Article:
Well...I hope you didn't have actual work to do...
I was recently asked a question regarding the top IT concerns for social media (Web 2.0) implementation plan. Well, in my view information security is at the top. Companies must consider that previously private data may be released onto the Internet. Also, applications like Facebook are rife with malware and phishers attempting social engineering.
Training people not to post sensitive data about themselves (birth dates, full addresses, corporate email, etc.) is crucial. If the company wants to have a social media presence, then the people involved in the plan will need to have the training to understand what to post, what is acceptable use (no Facebook apps) and what not to post. The Internet is full of regrettable stories of CEO’s and high-ranking employees “saying” really stupid things that bite them on the backside almost immediately.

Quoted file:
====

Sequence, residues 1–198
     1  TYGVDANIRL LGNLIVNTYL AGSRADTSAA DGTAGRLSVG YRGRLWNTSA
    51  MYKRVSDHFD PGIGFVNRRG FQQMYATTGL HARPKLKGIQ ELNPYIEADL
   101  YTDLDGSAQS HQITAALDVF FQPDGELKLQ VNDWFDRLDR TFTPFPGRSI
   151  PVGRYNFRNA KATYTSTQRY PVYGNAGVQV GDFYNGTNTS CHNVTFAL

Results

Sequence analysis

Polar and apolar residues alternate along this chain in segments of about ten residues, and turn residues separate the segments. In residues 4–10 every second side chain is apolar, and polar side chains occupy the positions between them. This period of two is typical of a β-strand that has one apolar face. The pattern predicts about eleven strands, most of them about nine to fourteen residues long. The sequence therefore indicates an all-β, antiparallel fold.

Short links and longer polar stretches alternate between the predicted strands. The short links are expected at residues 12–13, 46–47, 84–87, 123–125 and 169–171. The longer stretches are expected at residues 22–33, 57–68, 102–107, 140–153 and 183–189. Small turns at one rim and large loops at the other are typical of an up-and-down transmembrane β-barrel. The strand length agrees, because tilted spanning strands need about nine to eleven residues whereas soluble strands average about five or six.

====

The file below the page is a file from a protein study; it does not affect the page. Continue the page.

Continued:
User requirements gathering will be paramount. What exactly does the corporation want to achieve with social media? This will drive what applications are to be used or developed for the purpose. Of course once a company heads down the software development path you add a huge layer of complexity to the equation. Using off the shelf applications (COTS) is usually the most cost effective.
Finally, standardization is key. If IT is going to support social media applications, the company must decide on what tools it will use and make that the standard. If users are allowed to use non-supported applications, it will only lead to IT and user dissatisfaction/conflict and a needless increase in risk.
When it comes down to it, a wiki may be a better alternative for an “in-house” social platform. I’ve used Atlassian Confluence with some clients and it’s pretty decent with only a modicum of quirkiness. Plus you can impress your colleagues with the cool product name if nothing else.